The BBC’s report on chilled food from a company called Iceland Foods Limited wasn’t unfair, the UK broadcast regulator OfCom ruled.
A spokesperson for Iceland Foods Limited declined to comment to iMediaEthics. A BBC spokesperson told iMediaEthcs “We note that Ofcom has not upheld Iceland’s complaint of unjust or unfair treatment in the programmes as broadcast.”
In a Dec. 2 report, OfCom explained that Iceland Foods Limited, a UK frozen food chain, complained about the BBC’s April and May 2018 watchdog investigations about how chilled food is stored in Iceland’s shops. However, OfCom dismissed the complaint, finding the BBC’s reporting wasn’t unfair and Iceland Foods had enough time to respond to the allegations before publication.
The BBC had an undercover reporter working in an Iceland store who said that some chilled food items were “left out for 14 hours before being sold to customers.” The report noted an anonymous former employee tipped off the BBC to its story. The report noted that Iceland Foods denied the claims. “Iceland has told us it’s thoroughly investigated our allegations and our report is entirely unrepresentative of its usual practice,” the BBC reported, noting the company also challenged the BBC’s anonymous tipster and blamed the undercover reporter for being too slow.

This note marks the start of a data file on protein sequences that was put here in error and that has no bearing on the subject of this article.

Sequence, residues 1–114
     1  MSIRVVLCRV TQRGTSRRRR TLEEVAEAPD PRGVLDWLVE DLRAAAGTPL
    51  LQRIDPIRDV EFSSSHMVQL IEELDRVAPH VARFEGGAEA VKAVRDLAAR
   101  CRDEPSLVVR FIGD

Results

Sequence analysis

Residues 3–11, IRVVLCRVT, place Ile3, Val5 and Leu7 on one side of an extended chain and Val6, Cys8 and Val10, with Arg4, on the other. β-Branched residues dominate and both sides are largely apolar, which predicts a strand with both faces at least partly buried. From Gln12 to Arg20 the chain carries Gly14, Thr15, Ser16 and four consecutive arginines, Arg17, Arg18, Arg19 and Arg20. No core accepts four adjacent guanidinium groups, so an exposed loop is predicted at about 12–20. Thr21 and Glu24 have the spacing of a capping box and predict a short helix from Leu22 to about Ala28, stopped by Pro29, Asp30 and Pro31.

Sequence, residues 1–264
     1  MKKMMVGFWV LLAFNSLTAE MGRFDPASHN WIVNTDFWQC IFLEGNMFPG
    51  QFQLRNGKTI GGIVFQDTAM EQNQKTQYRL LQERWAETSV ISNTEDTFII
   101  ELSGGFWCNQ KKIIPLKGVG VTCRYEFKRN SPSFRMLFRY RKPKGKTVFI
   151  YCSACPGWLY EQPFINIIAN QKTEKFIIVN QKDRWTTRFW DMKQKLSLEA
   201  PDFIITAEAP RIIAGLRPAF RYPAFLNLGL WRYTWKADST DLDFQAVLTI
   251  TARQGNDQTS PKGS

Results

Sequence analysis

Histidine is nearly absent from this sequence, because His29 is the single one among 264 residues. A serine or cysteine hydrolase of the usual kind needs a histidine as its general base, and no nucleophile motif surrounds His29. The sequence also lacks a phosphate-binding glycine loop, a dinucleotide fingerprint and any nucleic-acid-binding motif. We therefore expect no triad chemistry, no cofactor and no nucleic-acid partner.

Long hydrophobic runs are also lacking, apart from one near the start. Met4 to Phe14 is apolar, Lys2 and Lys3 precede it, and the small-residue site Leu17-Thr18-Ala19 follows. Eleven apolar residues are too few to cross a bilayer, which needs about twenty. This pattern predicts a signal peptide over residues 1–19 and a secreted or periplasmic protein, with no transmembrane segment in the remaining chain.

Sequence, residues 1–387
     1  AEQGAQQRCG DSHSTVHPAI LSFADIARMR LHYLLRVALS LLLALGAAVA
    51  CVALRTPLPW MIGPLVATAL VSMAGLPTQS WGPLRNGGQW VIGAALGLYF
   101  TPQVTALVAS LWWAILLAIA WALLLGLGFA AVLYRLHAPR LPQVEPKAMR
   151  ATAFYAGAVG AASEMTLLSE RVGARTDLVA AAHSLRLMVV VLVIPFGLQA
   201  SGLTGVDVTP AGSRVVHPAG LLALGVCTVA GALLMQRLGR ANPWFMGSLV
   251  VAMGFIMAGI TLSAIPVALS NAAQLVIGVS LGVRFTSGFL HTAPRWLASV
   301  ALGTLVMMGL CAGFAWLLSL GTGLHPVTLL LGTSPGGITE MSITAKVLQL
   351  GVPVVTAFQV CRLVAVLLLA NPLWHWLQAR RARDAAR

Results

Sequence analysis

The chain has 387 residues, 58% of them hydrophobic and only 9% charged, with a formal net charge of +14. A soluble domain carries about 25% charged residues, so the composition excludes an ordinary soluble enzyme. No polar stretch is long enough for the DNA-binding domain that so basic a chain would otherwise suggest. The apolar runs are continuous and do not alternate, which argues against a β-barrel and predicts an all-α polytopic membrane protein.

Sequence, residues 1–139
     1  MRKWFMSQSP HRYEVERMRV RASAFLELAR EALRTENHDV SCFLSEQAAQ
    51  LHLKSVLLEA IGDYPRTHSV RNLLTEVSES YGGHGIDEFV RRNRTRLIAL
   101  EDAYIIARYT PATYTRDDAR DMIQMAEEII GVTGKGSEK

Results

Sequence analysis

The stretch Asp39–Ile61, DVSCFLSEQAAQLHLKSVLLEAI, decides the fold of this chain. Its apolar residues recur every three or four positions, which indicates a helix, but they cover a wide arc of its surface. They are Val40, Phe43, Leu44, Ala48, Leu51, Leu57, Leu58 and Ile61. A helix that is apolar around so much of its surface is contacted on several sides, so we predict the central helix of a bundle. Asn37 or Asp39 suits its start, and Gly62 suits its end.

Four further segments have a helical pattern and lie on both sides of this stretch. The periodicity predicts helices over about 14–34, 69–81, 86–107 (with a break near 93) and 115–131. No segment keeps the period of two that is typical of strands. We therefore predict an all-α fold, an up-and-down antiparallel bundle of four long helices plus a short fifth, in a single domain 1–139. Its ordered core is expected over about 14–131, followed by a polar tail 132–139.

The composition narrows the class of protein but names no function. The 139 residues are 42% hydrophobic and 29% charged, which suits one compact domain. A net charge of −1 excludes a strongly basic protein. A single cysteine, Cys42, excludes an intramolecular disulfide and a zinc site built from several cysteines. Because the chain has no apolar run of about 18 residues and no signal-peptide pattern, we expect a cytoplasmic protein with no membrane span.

Iceland Foods’ lawyers complained to OfCom that the reporting made it seem like the company “unlawfully put public health at risk,” that claims weren’t credible, that where the undercover reporter worked was actually cold enough so even if food was left out it was still cold enough to be safe, and more. The company also didn’t think it was provided with enough information about the claims before broadcast to respond fully and that its response statement wasn’t broadcast in full.
The BBC stood by its reporting, saying it only reported on issues seen by the BBC and that it had given an ample opportunity to respond. The BBC at length responded to the undercover reporter’s time at the company and its sources. Further, the BBC said that it did report the gist of Iceland Foods’ response about complaints of credibility, but didn’t broadcast the full response because it was concerned it would lead to the identity of its anonymous source.
OfCom found that the BBC report didn’t state the company “unlawfully put public health at risk, or that it unlawfully compromised food safety” regularly, and instead only reported on what its undercover reporter saw and what its anonymous source said. Further, OfCom found that the BBC’s reporting on the Iceland response and denials was acceptable and that the BBC gave enough time and information beforehand.
OfCom also rejected complaints by Iceland Foods Limited about other BBC news reports that discussed the BBC Watchdog investigation.
Read the complaint and report in full on OfCom’s website. iMEdiaEthics has written to the BBC and Iceland Foods Limited.